‘African Twilight’: a stunning new photo book captures the continent’s vanishing rituals
For decades, photographers Carol Beckwith and Angela Fisher have explored remote communities in Africa, documenting sacred initiations, courtship rituals, shamanic mask dancing and jubilant creative works. Their stunning new two-volume book set, “African Twilight: The Vanishing Rituals and Ceremonies of the African Continent” (Rizzoli), captures these vivid and fleeting rites.
“We feel privileged to have spent 40 years in Africa recording ceremonies in 44 out of the 54 African countries,” Beckwith tells Alexa. “When we arrive in Africa, we take on Africa time. We work slowly, live with communities, make friends and build trust before we start taking photographs.”
The result is a colorful account of customs that are rapidly vanishing. “Forty percent of the ceremonies we recorded no longer exist,” she notes.
“We learned the value of rites of passage that define and teach us what to expect at every stage of life,” adds Fisher. “We hope people take away the richness, diversity, beauty and creativity of African cultures.”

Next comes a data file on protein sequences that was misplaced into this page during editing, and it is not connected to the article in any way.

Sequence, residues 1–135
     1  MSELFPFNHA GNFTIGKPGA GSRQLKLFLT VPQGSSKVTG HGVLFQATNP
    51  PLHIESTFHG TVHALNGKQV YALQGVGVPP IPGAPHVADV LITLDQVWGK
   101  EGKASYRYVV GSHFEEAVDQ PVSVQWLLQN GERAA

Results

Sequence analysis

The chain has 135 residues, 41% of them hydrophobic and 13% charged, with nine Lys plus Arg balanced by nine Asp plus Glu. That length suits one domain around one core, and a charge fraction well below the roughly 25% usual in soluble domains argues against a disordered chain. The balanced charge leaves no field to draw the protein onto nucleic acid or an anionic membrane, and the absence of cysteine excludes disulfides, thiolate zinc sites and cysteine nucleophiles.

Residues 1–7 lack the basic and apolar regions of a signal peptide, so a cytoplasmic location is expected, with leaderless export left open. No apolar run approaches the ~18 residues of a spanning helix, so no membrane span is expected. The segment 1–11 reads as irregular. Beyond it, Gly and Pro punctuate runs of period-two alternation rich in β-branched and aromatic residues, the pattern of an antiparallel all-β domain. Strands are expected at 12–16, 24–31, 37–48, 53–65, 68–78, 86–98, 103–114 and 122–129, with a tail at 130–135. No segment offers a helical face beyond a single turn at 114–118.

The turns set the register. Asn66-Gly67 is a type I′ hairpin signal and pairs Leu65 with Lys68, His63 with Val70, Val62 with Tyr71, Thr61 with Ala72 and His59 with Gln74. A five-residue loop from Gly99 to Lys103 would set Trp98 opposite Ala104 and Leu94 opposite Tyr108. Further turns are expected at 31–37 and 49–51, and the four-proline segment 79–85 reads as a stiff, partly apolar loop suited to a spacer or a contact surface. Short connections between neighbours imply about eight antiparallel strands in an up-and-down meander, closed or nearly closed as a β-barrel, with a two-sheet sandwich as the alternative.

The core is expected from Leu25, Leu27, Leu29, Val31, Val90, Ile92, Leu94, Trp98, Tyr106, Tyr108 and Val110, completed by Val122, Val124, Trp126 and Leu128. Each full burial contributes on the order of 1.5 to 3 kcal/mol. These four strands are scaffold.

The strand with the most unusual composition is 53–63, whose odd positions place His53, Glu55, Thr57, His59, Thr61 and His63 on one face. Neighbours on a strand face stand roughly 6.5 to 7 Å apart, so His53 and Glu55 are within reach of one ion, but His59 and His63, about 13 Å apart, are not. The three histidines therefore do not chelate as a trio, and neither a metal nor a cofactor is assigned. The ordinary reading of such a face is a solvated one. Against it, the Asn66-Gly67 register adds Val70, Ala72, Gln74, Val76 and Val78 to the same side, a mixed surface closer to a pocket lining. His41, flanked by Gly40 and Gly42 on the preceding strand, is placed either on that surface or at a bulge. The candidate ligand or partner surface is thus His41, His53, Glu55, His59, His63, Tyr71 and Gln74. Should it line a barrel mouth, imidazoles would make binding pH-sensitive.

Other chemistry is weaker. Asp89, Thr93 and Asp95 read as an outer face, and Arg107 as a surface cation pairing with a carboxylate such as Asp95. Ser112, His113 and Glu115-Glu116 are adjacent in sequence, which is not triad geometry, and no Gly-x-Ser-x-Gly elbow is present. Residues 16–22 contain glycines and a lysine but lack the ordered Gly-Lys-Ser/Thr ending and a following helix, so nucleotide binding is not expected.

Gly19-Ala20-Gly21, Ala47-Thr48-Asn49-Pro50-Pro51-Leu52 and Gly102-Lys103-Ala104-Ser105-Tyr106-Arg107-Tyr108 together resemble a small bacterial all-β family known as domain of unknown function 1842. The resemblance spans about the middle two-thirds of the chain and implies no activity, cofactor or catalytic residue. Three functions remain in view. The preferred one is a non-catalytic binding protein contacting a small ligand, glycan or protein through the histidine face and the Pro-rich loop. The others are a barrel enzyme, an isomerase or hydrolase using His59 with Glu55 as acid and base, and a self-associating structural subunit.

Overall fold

The book (with a foreword by architect Sir David Adjaye, lead designer of the National Museum of African American History and Culture in DC) is currently the subject of a multimedia exhibit at the Bowers Museum in Santa Ana, Calif., through Jan. 6. In the photo excerpts here, the authors journey inside rarely accessible African communities and bear witness to their extraordinary artistry.
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